It’s been decades since I was a young student, but my current impression is that there’s a disturbing trend to de-emphasize history in general and American history in particular. With some of the “outcome-based” teaching strategies, too many students (I fear) are not learning what happened and what it meant… but are merely memorizing answers to the selected history questions on their high school exit exam.

Too may students dodge history courses with the prejudice that it’s boring. I could tell you horror tales of dry textbooks which succeeded only in withering any potential interest of the student – whether in fifth grade or college. I could also name some instructors – like Paul Lacroix in eighth grade – who made history come alive for me. But that’s not my focus today.


I’m here to tell you about Shaara’s Rise to Rebellion, the first of a two-part series on the American Revolution. This one takes us from March 1770 to summer of 1776 — and I fear most citizens will recall of that period little more than a few of the more notable names and perhaps three or four of the major events.

Shaara, however, primarily through the eyes of four principals, takes us on a leisurely tour of the places and events… and we understand (perhaps for the first time) the significance of those info fragments we somehow retained from school.

There are way too many to recount here, but let me offer two brief examples:

** everybody (hopefully) comprehends the topical reference to the Boston Tea Party, but in Shaara’s novel, we learn what led up to it, why the British monopoly on tea imports was so crippling to the colonists, and how the colonists managed to stage this monumental protest without the loss of life.

** everybody (hopefully) remembers the imagery of two lanterns in the church tower and Paul Revere’s ride, but in Shaara’s novel, we learn where the British were, why they were there, where they were going, what their mission was, and how the colonials assembled their defenses.

The primary individuals, through whose eyes we see these events unfold, are Ben Franklin, John and Abigail Adams, George Washington, and British General Thomas Gage. Skillfully weaving in the letters, journals, speeches, and other historical documents of these individuals, Shaara delves so deeply into his characters that he admirably conveys what they were probably thinking and likely feeling. He does this so authentically and seamlessly, that it appears Shaara was a fly on the wall during most of their conversations and a contemporary confidante of each of the principals.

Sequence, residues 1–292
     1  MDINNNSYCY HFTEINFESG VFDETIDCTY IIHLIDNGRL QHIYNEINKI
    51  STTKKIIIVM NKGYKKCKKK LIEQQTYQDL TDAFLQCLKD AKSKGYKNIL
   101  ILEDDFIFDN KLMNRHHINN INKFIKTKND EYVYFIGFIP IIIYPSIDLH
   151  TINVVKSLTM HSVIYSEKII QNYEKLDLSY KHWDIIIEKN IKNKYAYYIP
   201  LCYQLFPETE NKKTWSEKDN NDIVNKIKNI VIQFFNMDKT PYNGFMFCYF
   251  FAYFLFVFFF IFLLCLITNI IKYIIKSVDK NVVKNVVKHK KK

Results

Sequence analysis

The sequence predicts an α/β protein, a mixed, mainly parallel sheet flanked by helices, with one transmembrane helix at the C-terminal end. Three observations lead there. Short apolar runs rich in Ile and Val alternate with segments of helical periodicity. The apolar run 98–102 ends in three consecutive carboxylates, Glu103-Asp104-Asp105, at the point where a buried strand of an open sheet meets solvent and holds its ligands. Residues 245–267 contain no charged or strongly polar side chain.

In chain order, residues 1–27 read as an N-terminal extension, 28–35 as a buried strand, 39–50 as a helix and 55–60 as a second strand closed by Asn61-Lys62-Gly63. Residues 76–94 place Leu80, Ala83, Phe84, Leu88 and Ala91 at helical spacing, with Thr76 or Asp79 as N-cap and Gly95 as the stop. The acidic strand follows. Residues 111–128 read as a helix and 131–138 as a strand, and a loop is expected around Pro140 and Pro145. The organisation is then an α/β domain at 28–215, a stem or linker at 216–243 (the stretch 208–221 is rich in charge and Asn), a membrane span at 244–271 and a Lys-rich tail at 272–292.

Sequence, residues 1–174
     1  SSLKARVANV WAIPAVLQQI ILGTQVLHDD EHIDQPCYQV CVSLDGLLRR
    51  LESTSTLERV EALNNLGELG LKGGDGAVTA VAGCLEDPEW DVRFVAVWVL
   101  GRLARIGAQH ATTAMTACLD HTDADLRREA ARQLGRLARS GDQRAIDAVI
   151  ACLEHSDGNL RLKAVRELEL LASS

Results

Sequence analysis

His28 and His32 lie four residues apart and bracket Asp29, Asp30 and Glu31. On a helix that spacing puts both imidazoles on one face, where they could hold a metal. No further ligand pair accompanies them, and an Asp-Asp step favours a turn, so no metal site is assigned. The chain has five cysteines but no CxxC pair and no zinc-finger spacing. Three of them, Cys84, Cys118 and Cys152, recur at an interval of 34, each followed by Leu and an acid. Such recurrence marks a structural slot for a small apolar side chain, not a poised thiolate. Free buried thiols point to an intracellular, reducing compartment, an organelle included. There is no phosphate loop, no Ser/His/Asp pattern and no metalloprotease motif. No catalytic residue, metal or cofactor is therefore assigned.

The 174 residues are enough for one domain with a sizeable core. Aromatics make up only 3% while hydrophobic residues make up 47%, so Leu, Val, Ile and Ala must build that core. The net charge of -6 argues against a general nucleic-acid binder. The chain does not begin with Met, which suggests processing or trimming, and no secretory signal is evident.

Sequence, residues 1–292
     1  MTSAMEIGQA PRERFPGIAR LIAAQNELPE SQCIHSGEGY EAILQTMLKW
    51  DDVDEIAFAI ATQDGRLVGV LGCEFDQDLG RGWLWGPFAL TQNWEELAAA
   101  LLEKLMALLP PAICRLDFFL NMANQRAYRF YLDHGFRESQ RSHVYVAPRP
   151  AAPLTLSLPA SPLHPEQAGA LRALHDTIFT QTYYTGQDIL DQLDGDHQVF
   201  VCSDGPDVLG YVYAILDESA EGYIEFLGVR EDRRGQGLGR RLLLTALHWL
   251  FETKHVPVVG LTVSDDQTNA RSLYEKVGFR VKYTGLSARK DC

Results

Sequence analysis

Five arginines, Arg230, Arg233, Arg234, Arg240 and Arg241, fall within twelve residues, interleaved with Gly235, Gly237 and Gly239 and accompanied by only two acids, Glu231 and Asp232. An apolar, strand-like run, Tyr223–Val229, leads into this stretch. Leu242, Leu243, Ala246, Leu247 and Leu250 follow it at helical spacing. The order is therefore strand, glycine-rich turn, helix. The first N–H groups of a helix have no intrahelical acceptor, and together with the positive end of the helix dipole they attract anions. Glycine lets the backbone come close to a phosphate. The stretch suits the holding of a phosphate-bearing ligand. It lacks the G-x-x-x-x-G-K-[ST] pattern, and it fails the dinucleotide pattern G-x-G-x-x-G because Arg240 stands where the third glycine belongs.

I have little patience for long books and this one, at 548 pages, could otherwise make a great doorstop. But I was completely engrossed and can’t wait to read part two, which picks up the story just after the Declaration of Independence has been drafted, signed, and published (in both England and America).

Despite the authentic historical feel of this book, let me say a final word about the difference between history and a novel. In fact, I’ll just quote Shaara from his two-page intro called “To the Reader” —
“By definition, this is a novel. As painstaking as I try to be in telling you this story through the voices of the characters themselves, in their own words and through their own experiences, the dialogue and thoughts must be read as fiction.”
And later, in that same essay:
“I have tried to show how each of these characters responded to his or her time, how they witnessed and experienced and impacted the enormous changes unfolding round them.”

Folks, if I were teaching a class in American History, I’d be tempted to dump the boring textbooks and just assign half a dozen of Shaara’s novels. I think the kids would learn a whole lot more about their country and they’d become INTERESTED during the process.


Have you read any of Jeff Shaara’s books?
What author of historical fiction do you most enjoy?

[JLS # 289]